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Bush's Legacy Thing
Torn as always between modesty and pride, the former president awaits the verdict of history GEORGE BUSH WAS CLEARLY UNCOMFORTABLE. Everywhere he looked in his $83 million presidential library, the images of his life peered back at him. His enlarged...
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'I Didn't Do Anything'
In a verdict that's roiling two nations, a jury disagrees and finds that a British au pair murdered her 8-month-old charge by shaking him to death. Inside the trial--and its aftermath. WHEN THE JURY'S VERDICT-- guilty of murder in the second degree...
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It's a Spice World. Again. A Second Album - and a Tidal Wave of Marketing
A second album and a tidal wave of marketing THE SPICE GIRLS MAY NOT HAVE much to offer musically, but they're smarter than you think. Unlike other successful pop acts who pay no attention to the business end and cry broke years later, the girls...
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Keeping Your Kids Safe: For Millions of Parents, Child Care Is an Enduring - and Scary - Problem. Here's How to Do It Smart
For millions of parents, child care is an enduring-- and scary--problem. Here's how to do it smart. THE WOODWARD TRIAL evokes working parents' worst fear: that the person looking after their kids is cruel or incompetent. While physical abuse is...
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Lara Croft, the Bit Girl: How a Game Star Became a '90S Icon
How a game star became a '90s icon. IT'S NOT EASY BEING Lara Croft. After the British aristocrat and adventure-seeking archeologist starred in last year's hit Tomb Raider, she appeared on the cover of 40 magazines, toured with U2, modeled Gucci...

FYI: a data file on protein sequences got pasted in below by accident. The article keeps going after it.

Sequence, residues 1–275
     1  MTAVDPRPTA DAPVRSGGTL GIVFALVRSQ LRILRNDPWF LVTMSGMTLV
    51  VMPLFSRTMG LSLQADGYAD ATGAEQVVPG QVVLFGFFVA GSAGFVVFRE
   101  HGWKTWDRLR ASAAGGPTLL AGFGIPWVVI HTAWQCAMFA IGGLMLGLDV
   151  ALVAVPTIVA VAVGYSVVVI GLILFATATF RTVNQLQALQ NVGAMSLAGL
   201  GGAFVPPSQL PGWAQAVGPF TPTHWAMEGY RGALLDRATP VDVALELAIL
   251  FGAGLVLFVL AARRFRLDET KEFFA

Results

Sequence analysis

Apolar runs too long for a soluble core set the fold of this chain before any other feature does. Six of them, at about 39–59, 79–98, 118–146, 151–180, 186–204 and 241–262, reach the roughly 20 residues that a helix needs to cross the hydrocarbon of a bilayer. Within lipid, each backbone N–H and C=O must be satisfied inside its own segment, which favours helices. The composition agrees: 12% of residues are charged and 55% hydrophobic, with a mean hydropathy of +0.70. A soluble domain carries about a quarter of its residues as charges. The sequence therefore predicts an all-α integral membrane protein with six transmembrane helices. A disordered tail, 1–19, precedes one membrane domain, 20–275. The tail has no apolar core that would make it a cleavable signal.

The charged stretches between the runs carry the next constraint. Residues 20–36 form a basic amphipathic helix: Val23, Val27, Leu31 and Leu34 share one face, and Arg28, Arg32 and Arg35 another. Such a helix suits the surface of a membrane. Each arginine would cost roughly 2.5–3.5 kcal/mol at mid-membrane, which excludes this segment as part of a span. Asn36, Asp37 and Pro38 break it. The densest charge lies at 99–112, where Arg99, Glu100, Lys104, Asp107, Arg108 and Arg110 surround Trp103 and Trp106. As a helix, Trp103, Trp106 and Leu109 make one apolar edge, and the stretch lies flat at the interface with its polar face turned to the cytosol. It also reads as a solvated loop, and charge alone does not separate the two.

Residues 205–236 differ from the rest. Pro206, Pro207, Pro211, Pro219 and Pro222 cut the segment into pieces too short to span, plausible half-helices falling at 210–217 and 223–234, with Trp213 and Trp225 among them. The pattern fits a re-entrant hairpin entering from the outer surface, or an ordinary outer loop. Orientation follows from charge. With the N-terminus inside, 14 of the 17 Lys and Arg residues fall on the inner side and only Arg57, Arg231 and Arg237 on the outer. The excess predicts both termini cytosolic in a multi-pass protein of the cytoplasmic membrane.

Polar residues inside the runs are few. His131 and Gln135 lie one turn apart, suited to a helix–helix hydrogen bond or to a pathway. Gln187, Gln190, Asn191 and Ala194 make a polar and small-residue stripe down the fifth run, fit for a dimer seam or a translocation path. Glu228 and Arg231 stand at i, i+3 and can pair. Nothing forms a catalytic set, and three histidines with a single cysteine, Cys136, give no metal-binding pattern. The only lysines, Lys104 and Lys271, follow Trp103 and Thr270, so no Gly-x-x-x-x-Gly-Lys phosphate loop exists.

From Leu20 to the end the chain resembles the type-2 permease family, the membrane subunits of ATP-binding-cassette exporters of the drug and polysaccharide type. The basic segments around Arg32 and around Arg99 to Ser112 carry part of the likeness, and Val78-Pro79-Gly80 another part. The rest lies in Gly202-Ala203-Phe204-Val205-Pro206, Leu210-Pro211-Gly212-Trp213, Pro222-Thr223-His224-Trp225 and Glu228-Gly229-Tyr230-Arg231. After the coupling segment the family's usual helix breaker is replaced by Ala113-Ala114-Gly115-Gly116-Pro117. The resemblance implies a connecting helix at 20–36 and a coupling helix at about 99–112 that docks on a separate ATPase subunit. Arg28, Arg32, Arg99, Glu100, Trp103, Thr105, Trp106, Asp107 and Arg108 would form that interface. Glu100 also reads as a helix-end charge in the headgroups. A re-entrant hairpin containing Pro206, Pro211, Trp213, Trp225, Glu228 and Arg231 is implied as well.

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Louder and Prouder: Tweaking and Booming at the Car-Stereo Olympics
Tweaking and booming at the car-stereo Olympics THE LOUDEST CAR STEREO IN THE world does not belong to that teenager down the block. It belongs to a 62-year-old woman from Phoenix, Ariz. Alma Gates and her son Patrick, 20, have fit their 1988...
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My Own Son Didn't Listen
If he had just worn a seat belt as I'd always begged him to do, Nik might not have died AS A FLIGHT NURSE EMPLOYED BY A HOSPITAL-BASED aeromedical helicopter service, I regularly respond to life-and-death situations. For 18 years I have flown to...
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No Desperate Hours: Behind the Scenes with the Administrations's Main Money Man as the Market's Turmoil Unfolded
Behind the scenes with the administration's main money man as the market's turmoil unfolded TREASURY SECRETARY Robert E. Rubin was the Clinton administration's point man last week as the government sought to contain the turmoil on Wall Street and...
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Outrage Is Not a Policy
President Clinton did well to resist pressures to turn the summit into a one-issue meeting on human rights. PRESIDENT JIANG ZEMIN'S VISIT TO WASHINGTON HAS evoked America's fundamental ambivalence about the nature of foreign policy. From the point...
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Pop's Bid for Broadway: Songwriters like Paul Simon Turn to Staging Musicals
BROADWAY IS BRACING FOR THE ATTACK of the Platinum Pop People. A phalanx of superstar songwriters is hoping to recharge musical theater with its commercial savvy. Everyone from Paul Simon to Jimmy Buffer to Frank Wildhorn (Who? We'll get to that ...)...
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Rake's Progress: The '70S Revival Isn't Just about Nostalgia for Bell-Bottoms. It's about Sex. from 'Boogie Nights' to 'The Ice Storm,' the Rogue Male Is Back